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Division of Corporation Finance
Securities and Exchange Commission

Staff Legal Bulletin No. 3A (CF)

Action: Publication of CF Staff Legal Bulletin

Date: June 18, 2008

Summary: This staff legal bulletin provides the Division of Corporation Finance’s views regarding the Section 3(a)(10) exemption from the Securities Act of 1933’s registration requirements. The bulletin also expresses the Division’s views regarding the Securities Act resale status of securities that are received in certain transactions exempt from registration pursuant to Section 3(a)(10).1

Supplementary Information: The statements in this legal bulletin represent the views of the Division of Corporation Finance. This bulletin is not a rule, regulation, or statement of the Securities and Exchange Commission. Further, the Commission has neither approved nor disapproved its content.

Contacts: For further information, please contact the Office of Chief Counsel in the Division of Corporation Finance at (202) 551-3500.

1. Overview

Section 3(a)(10)2 of the Securities Act3 is an exemption from Securities Act registration for offers and sales of securities in specified exchange transactions.4 Before the issuer can rely on the exemption, the following conditions must be met.5

  • The securities must be issued in exchange for securities, claims, or property interests; they cannot be offered for cash.6
     
  • A court or authorized governmental entity7 must approve the fairness of the terms and conditions of the exchange.
     
  • The reviewing court or authorized governmental entity must:
     
    • find, before approving the transaction, that the terms and conditions of the exchange are fair to those to whom securities will be issued;8 and
       
    • be advised before the hearing that the issuer will rely on the Section 3(a)(10) exemption based on the court’s or authorized governmental entity’s approval of the transaction.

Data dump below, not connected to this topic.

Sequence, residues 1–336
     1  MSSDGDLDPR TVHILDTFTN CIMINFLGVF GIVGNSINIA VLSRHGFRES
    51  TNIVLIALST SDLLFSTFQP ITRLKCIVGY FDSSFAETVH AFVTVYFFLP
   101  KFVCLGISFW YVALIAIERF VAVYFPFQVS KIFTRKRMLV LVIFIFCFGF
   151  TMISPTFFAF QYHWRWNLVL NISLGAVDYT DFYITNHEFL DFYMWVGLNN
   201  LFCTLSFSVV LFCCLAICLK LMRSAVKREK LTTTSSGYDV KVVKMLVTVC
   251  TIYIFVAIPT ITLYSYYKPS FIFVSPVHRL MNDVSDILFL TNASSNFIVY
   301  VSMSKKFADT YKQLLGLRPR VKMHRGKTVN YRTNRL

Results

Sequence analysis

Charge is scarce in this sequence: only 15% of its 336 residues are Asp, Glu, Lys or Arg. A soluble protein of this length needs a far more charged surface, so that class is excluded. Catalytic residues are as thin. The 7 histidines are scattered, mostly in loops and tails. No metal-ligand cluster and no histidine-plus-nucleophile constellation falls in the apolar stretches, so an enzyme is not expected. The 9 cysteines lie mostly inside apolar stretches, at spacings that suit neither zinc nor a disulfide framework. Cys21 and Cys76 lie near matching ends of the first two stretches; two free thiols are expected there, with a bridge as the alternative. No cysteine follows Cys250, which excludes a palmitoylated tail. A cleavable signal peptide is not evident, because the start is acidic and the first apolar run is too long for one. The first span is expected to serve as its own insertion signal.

• The court or authorized governmental entity must hold a hearing before approving the fairness of the terms and conditions of the transaction.
     
  • A governmental entity must be expressly authorized by law to hold the hearing, although it is not necessary that the law require the hearing.
     
  • The fairness hearing must be open to everyone to whom securities would be issued in the proposed exchange.
     
  • Adequate notice must be given to all those persons.
     
  • There cannot be any improper impediments to the appearance by those persons at the hearing.

The Section 3(a)(10) exemption is available without any action by the Division or the Commission. Issuers that are unsure of whether the exemption is available for a specific contemplated transaction may, however, seek the Division’s views by requesting a “no-action” position from the Division.

This bulletin discusses the issues that commonly arise in those “no-action” requests. The Division believes that, by making its views on these issues more widely known, issuers will better understand when the exemption is available. Also, by making the Division’s views more widely known, this bulletin should decrease those situations in which an issuer is uncertain whether the exemption is available for a contemplated transaction.

2. Timing of No-Action Requests